|Publication number||US3918139 A|
|Publication date||Nov 11, 1975|
|Filing date||Jul 10, 1974|
|Priority date||Jul 10, 1974|
|Also published as||CA1158075A1, DE2530197A1, DE2530197C2|
|Publication number||US 3918139 A, US 3918139A, US-A-3918139, US3918139 A, US3918139A|
|Inventors||Felten Edward J|
|Original Assignee||United Technologies Corp|
|Export Citation||BiBTeX, EndNote, RefMan|
|Patent Citations (6), Referenced by (54), Classifications (21)|
|External Links: USPTO, USPTO Assignment, Espacenet|
United States Patent 1191 Goward et al. 75/l7l Felten Nov. 11, 1975 541 MCrAlY TYPE COATINGALLOY,  Inventor: Edward J. Felten, Cheshire, Conn. 'm i' Rutledge Assistant Eta,mmer-E. L. WeIse [7.3] Ass1gnee: United Technologies Corporation, Attorney, Agent, or Firm-John D. De] Ponti Hartford, Conn. 22] Filed: July 10, 1974 I I I I  Appl 48,7074 There is described nickel, cobalt and nickel-cobalt alloy coating compositions having improved hot corro- [52 US. Cl 29/194; 75/171 Sion resistance In Particular, n improved MCrAlY  Int. Cl. B32B 15/04; C22C 19/00 yp alloy coating composition consists essentially  Field of Search 29/194; 75/171, 170, 134 F by weight, appr ximately 8-30 per nt m um, 5 -l5 percent aluminum, up to 1 percent reactive  References Cit d metal selected from the group consisting of yttrium, UNITED STATE P T TS scandlum, thorium and the other rare earth elements 3 399 68 s A EN and 3-12 percent of a noble metal selected from the 3 589 232 ROUSh g p consisting of platinum or rhodium, the balance 3 649 225 3/1972 Simmons .1: I: 29/194 being selected from the group cmsistitg of nickel 3,676,085 7/1972 Evans et a1. 29/194 F mckel'cobah- Boone et al 75/l7l 7 Claims 5 Drawing Figures US. Patent Nov. 11, 1975 SheetlofS 3,918,139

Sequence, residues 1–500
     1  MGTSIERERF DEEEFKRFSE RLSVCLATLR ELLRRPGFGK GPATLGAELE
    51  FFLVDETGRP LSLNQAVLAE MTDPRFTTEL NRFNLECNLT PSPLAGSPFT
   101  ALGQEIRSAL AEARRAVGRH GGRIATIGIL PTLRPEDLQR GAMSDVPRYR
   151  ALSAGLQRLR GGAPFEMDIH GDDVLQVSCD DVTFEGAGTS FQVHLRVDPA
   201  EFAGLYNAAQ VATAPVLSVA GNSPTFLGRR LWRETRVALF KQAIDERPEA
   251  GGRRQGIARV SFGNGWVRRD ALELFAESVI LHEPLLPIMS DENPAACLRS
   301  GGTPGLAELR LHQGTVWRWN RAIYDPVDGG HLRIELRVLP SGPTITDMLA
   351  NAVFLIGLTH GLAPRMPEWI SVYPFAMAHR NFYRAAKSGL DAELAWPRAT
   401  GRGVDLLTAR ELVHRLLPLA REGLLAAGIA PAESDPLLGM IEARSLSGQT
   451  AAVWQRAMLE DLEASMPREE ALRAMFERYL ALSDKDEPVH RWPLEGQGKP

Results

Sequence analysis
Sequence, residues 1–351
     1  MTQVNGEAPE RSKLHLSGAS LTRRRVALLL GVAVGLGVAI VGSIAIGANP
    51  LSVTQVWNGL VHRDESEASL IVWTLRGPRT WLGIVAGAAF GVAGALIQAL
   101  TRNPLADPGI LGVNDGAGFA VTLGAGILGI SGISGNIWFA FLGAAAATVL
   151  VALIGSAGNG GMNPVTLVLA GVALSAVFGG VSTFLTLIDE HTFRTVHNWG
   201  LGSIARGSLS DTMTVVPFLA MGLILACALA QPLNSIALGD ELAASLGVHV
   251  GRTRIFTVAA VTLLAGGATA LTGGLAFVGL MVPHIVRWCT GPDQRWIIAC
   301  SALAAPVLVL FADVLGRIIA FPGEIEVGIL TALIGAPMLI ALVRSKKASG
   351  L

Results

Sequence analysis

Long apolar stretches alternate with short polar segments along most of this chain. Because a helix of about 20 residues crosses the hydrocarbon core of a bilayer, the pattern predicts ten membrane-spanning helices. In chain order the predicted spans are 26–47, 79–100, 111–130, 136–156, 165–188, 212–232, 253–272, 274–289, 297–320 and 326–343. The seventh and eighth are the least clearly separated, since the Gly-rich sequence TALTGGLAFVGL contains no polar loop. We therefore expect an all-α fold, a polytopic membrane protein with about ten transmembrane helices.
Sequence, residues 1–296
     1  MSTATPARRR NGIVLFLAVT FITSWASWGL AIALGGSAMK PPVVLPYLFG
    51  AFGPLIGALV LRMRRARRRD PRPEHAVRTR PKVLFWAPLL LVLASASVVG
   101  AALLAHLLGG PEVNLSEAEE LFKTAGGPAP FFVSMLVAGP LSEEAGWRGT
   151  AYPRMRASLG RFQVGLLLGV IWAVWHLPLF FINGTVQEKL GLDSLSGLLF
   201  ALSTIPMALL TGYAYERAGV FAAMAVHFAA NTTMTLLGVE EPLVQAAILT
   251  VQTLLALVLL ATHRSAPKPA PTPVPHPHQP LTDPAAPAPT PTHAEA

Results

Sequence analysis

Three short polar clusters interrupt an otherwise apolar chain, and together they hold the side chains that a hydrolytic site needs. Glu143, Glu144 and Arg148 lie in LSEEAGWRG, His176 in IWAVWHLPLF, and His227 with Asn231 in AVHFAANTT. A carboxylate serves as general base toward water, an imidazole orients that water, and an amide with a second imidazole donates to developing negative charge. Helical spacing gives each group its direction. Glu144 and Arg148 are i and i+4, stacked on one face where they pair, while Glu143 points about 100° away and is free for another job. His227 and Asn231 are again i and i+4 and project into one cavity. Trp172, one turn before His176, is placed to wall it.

W a M 9 W W QM z -QH US. Patent Nov.11, 1975 Sheet2of5 3,918,139
IA 1 w W M Q M W Z h U.S. Patent Nov. 11, 1975 Sheet3of5 3,918,139
B Q 2 wn/ 5 4099/2 U.S. Patent Nov. 11, 1975 Sheet40f5 3,918,139
5% Nwkm M w 2 WW IZQA/ HJ 1/7 95 US. Patent Nov. 11,1975 Sheet50f5 3,918,139
-SxW w J s; a W ,2 x W Qfi z MCrAIY TYPE COATING ALLOY BACKGROUND OF THE INVENTION The present invention relates to alloys and more particularly to nickel, cobalt or nickel-cobalt coating alloys having improved hot corrosion resistance.
It is known that the modern day jet engine superalloys are susceptible to oxidation-erosion and hot corrosion at very high temperatures and that it is the usual practice to coat the superalloys with a composition different from and more oxidation-erosion and corrosion resistant than the substrate alloy.
In general, there are two primary types of coatings: (1) aluminide coatings, such as those described in the patent to Joseph U.S. Pat. No. 3,102,044 or the patents to Bungardt et al. U.S. Pat. No. 3,677,789 and U.S. Pat.